This is undoubtedly the reason why more and more law firms have introduced specific assessment tests and exercises such as the increasingly popular Watson Glaser Test.
2) Providing a deeper insight into the firm
There is only so much you can assess a law firm on by walking into an interview room and shaking hands with one or two current employees. An assessment centre, however, offers so much more of an opportunity to really find out about a firm, its culture and its values, so that you are able to form a considered opinion on whether or not it is a good place – the right place – for you to start your career.
Most assessment centres will start with a company presentation, allowing you a deeper insight into their commercial activities whilst addressing subjects such as what it is really like to work for them. They will also provide you with the opportunity to liaise with other trainees (and possibly more senior employees), maybe over lunch or through a specific Q&A session.
Choosing a law firm is a very personal decision. And firms want to give you this opportunity to find out about them, as they want you to make the right choices. It is not within their interests to offer a training contract to someone who, ultimately, isn’t going to be happy working in their firm.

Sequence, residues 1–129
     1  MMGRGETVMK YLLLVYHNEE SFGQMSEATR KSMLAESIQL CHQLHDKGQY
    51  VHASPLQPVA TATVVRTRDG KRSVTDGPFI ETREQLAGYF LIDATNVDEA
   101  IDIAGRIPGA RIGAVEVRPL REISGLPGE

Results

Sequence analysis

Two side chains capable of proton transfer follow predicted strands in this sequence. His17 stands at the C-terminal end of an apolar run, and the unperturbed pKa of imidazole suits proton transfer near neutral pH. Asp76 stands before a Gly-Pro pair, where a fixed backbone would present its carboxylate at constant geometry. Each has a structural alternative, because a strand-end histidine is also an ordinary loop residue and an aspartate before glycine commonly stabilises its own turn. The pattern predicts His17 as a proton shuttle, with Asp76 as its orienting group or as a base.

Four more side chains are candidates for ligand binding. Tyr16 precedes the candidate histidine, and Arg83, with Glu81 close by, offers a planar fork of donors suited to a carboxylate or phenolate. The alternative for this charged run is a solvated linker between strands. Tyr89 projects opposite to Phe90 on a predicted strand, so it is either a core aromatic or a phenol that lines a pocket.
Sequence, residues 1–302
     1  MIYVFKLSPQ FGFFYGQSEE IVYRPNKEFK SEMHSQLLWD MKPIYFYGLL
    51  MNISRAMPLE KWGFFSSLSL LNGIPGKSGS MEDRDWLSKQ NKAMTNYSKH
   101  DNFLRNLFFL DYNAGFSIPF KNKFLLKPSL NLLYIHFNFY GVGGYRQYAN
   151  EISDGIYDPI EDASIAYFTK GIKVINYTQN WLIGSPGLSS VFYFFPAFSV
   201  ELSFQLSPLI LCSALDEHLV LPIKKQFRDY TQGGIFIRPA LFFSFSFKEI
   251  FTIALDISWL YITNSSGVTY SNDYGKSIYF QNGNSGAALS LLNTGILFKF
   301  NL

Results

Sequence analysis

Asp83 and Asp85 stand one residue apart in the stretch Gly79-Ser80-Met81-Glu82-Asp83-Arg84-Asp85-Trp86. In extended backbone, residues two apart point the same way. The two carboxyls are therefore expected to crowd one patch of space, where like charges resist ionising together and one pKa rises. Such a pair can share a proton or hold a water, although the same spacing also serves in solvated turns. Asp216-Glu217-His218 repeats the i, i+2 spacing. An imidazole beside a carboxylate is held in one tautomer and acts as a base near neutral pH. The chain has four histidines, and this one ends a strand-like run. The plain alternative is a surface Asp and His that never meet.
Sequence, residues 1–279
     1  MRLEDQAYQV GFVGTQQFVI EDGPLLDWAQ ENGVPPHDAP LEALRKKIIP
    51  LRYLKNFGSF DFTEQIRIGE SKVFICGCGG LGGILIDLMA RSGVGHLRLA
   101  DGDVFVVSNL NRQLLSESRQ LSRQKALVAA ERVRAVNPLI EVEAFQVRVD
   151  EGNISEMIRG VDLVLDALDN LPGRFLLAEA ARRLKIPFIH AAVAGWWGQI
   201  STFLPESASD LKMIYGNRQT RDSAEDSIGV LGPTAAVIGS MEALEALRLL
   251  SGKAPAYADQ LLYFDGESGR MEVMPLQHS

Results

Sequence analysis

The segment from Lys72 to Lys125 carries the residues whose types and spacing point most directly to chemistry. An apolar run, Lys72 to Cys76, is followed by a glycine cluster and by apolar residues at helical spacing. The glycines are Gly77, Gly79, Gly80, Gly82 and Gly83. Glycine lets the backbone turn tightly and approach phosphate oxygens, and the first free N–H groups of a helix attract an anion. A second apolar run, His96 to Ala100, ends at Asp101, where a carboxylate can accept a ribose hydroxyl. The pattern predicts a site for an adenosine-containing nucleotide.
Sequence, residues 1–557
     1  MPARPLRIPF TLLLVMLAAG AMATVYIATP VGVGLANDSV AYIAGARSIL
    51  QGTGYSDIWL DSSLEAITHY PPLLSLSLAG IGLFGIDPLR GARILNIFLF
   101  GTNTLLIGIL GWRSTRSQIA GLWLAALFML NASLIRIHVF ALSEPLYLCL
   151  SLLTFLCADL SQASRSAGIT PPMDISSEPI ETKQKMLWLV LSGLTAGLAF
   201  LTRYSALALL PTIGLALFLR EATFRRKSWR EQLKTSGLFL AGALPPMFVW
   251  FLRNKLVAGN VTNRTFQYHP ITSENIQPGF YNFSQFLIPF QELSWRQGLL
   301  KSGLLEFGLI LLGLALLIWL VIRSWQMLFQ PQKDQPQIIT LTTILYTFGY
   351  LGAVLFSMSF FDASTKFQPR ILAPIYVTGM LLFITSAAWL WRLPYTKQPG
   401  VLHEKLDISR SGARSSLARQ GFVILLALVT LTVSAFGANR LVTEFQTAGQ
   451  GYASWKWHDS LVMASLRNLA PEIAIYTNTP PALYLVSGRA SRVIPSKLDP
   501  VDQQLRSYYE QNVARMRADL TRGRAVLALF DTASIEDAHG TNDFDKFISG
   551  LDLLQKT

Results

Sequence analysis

So while the thought of attending an assessment centre may sound daunting, consider the advantages that it brings you. Not only is it a showcase for your wider skills but it allows you to gather the information you need about the firm. It is essential, however, that you prepare thoroughly for every element of the day as interview performance alone will not be enough to secure your future within the company.
Performing Well At Assessment Centres
An invitation to a training contract or vacation scheme assessment centre is, no doubt, a very positive step forward. Your initial application has been read, has made the right impression, and the firm is keen to find out more about you. However, your training contract isn’t ‘in the bag’ just yet.
Having established just how important the assessment centre is (and remember, we’re talking about the WHOLE assessment centre – not just the interview) it’s worth focusing on some of the Do’s and Don’ts that are going to help you perform well on the day.
DO gather as much information as possible about the day and what it involves.
Sounds obvious, but knowledge really is power. If the firm hasn’t provided you detailed information on the schedule for the day or, if there is something you want to find out more about, then there is nothing wrong with phoning them up and asking. The very worst that can do is make you look keen and enthusiastic and it will help you focus your preparation on what really matters.